I got to Bordeaux and was getting aquatinted with all of the study abroad students and making friends, we planned random weekend trips and scheduled our school breaks together, so I was rarely alone in my actual travels. Until my roommate decided to leave 4 months early and I found myself then living alone in a foreign city. Shortly after that small crisis, I realized that my visa for my stay in Europe was actually invalid due to inaccurate dates that were placed on it. (People take it from me, triple check that thing before hopping on a plane.) After a solid two weeks of feeling like I had maybe made a mistake in thinking I could conquer this entire semester abroad on my own, I regained the confidence I needed when I decided to venture to Madrid by myself.

I had to travel out to Madrid to get my visa validated by a French consulate outside of France, so I booked a round trip bus ticket and found myself heading south of Bordeaux during a much needed long weekend. At first I tried to get friends on my study abroad to join me and ease this fear that I would be lonely, but everyone had already booked other trips and this was my only free weekend so I decided to do it alone. I wasn’t just going to travel to Madrid for paperwork though; I was going to enjoy getting to know the Spanish way of life.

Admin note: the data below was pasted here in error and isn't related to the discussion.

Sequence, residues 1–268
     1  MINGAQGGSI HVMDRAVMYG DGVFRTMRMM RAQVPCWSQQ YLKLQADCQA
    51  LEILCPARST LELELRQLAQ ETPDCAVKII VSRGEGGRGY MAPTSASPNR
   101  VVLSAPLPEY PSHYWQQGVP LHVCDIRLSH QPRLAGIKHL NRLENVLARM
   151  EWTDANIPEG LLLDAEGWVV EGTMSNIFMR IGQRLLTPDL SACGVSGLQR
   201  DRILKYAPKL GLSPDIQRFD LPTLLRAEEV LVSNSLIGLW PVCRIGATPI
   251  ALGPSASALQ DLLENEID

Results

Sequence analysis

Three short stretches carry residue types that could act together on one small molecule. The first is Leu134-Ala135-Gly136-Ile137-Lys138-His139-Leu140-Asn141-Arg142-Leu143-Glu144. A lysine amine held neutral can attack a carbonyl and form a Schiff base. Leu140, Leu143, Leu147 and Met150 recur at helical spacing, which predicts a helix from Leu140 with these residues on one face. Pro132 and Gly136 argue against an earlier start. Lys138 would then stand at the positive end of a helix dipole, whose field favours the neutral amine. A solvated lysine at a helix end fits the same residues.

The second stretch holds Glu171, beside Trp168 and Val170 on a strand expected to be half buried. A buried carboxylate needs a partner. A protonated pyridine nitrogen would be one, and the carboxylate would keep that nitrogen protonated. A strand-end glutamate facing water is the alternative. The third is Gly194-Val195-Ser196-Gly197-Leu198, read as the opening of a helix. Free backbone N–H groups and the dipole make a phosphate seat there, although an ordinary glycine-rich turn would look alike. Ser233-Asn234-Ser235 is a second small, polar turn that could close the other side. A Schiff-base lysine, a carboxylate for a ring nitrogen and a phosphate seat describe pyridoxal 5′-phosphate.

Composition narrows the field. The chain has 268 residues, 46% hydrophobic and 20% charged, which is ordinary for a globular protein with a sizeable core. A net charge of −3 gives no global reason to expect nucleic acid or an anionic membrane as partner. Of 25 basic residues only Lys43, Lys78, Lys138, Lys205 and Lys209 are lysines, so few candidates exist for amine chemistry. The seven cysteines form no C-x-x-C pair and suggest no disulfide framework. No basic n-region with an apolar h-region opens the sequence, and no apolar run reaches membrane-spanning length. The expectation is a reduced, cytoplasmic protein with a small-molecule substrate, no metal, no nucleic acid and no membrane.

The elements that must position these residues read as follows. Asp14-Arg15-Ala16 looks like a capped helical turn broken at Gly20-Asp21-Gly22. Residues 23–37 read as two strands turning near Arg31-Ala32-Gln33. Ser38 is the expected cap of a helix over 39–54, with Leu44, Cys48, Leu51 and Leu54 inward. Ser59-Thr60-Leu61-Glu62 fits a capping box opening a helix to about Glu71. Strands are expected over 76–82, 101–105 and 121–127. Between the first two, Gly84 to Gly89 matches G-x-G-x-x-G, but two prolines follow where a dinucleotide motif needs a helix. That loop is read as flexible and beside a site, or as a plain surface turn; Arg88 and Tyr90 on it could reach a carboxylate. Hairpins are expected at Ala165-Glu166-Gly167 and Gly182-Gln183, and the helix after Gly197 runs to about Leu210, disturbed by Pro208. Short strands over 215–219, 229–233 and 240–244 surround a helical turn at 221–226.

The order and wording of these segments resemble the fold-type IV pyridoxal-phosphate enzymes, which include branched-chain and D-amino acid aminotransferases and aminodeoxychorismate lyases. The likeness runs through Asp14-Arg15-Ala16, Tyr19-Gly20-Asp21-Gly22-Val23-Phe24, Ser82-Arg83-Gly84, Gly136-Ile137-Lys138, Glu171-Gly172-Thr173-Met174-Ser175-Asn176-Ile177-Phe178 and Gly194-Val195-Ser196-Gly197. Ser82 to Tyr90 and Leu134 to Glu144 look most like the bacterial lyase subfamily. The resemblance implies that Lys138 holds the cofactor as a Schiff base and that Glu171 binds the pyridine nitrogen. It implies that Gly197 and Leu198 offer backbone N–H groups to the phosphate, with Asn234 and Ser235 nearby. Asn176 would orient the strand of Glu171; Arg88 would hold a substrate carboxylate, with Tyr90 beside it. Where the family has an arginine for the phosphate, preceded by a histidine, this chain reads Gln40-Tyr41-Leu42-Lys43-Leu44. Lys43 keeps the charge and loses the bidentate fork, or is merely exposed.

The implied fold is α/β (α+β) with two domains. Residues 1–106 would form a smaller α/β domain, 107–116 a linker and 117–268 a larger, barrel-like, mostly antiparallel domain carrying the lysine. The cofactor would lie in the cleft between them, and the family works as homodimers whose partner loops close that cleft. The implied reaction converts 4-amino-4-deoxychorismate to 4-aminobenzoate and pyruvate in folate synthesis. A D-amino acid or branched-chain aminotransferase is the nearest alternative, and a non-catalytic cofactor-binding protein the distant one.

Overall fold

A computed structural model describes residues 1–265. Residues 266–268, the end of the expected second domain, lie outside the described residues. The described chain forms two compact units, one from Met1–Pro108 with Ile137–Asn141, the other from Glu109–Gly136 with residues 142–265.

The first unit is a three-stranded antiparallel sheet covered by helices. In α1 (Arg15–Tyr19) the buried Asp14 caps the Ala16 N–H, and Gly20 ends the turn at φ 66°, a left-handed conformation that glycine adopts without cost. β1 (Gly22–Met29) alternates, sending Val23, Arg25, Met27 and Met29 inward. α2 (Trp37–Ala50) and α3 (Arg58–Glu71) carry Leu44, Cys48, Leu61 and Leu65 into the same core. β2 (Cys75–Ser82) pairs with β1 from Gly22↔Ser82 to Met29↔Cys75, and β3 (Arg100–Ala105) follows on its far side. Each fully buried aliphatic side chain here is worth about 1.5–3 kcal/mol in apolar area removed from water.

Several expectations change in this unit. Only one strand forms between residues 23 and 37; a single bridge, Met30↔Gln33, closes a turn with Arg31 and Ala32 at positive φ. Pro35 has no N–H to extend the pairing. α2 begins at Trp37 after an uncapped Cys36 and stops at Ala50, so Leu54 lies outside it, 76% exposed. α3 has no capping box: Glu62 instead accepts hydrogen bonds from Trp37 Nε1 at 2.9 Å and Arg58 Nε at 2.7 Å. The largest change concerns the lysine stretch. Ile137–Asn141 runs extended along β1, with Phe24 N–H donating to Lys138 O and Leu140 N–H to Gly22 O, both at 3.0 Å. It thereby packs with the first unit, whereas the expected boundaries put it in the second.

I spent four days in Madrid by myself, walking around the city, making friends at hostels, eating lunch alone, getting tapas with new found friends and exploring all the sites that Madrid had to offer. I imagined that my weekend would be spent walking around alone and me constantly staring at my phone to avoid the fact that it was just me at the dinner table, but what I found was making friends is so much easier than you would ever imagine and travelling alone is even enjoyable. I made friends where I was staying and most of them were also travelling alone, so it was nice to have companionship for a night out and people to grab brunch with in the daylight hours. It was also nice, however, to go walk around the city by myself and have coffee at a café without staring at my phone the whole time and soaking up the experience around me.